Then give us an explanation of what it is within your humanities dogma;that might be described as science.

    In reply to #12 by CoreyLeeWrenn:

    Sociology graduates seem to end up in personnel departments as well as public sector bureaucracies.
    Most graduates of any ilk could perform such tasks ; but sociologists could not apply themselves to engineering ,maths or science.

    Excuse me but I am a sociologist and I perform science on a daily basis, thanks.

  35. In reply to #40 by adiroth:

    Without ontology, there wouldn’t be logic. Without philosophy, there wouldn’t be the scientific method.

    Indeed. It’s like favoring the liver over the lungs, or saying the heart is more vital than the spleen. An argument can be made, but it will fail because these things are interdependent, parts of a whole.

    As I see it (and I would love correction), philosophy begets epistemology, which begets logic, which begets science, which is heavy with child (i say we call her Systemics!).

  36. I will admit, for every dollar spent on the humanities, additional money must be spent on security. If people are taught about freedom and such ideals, they expect it. I believe that’s the 1972 Carnegie Report that I get that from, which blamed the protests of the ’60s on education in the humanities and recommended emphasis on maths and sciences to prevent this. Of course, I don’t know how well science flourishes in oppressive societies.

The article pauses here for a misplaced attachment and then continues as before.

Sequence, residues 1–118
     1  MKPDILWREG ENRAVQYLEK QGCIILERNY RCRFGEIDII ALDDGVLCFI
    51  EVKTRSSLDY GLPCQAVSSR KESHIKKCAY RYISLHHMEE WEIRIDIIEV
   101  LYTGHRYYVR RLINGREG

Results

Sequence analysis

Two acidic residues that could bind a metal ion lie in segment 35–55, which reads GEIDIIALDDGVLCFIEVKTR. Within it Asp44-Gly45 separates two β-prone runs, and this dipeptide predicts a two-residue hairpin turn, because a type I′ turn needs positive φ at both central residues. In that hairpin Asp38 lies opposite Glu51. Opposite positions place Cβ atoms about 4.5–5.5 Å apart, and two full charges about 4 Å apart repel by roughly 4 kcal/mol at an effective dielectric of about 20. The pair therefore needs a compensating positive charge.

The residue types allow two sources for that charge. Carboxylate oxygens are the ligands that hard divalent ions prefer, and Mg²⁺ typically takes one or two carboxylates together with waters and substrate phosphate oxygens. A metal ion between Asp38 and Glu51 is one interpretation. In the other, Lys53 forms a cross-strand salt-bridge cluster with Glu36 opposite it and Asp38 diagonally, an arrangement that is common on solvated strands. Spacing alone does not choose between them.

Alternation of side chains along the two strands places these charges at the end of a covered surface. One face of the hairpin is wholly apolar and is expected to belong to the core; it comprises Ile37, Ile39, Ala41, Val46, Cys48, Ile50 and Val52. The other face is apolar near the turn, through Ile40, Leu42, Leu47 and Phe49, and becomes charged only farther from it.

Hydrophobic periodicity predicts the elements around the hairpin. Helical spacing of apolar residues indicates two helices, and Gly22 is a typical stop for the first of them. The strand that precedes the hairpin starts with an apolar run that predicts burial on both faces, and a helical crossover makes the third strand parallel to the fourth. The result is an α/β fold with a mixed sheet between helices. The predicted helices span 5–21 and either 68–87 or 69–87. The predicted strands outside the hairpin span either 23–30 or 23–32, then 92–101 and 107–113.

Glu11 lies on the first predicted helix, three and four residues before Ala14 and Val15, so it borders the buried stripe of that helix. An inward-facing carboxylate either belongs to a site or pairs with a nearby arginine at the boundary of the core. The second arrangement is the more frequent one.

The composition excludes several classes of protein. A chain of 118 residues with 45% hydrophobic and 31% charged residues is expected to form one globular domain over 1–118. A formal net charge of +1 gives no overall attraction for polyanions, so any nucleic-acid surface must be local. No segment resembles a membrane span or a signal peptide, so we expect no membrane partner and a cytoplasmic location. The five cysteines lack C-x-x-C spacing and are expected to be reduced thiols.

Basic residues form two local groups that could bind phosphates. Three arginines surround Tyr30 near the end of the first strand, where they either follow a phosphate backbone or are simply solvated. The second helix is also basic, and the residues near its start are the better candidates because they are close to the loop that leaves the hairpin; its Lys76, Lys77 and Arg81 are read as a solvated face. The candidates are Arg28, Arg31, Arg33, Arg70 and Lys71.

37. In reply to #11 by CoreyLeeWrenn:

    So far as I know the STEM positions are among the highest paid positions…and surprise surprise, dominated by men. And guess who’s corralled into the humanities, an overpopulated, underpaid, and under-appreciated field? Women of course. We need to recognize the role of socialization and gender inequality–solutions are not so clear cut. Men and the sciences are already extremely privileged anyway…I’m not sure what the purpose of this is. The university is under attack because administrators are getting hired more and paid more…and teaching positions are getting cut and doled out to exploited adjuncts with no benefits or job security.

    Basing curriculum on what students are interested in needs to recognize that boys and girls are socialized into being interested in different topics…even by age 2 girls prefer pink, for instance. By high school, girls are less interested in science and math. And this isn’t a biological difference.

    Pinker and Spelke debated this. I’m on Pinker’s side, but I do admit Spelke owned him.

  38. In reply to #42 by This Is Not A Meme:

    I will admit, for every dollar spent on the humanities, additional money must be spent on security. If people are taught about freedom and such ideals, they expect it. I believe that’s the 1972 Carnegie Report that I get that from, which blamed the protests of the ’60s on education in the humanities and recommended emphasis on maths and sciences to prevent this. Of course, I don’t know how well science flourishes in oppressive societies.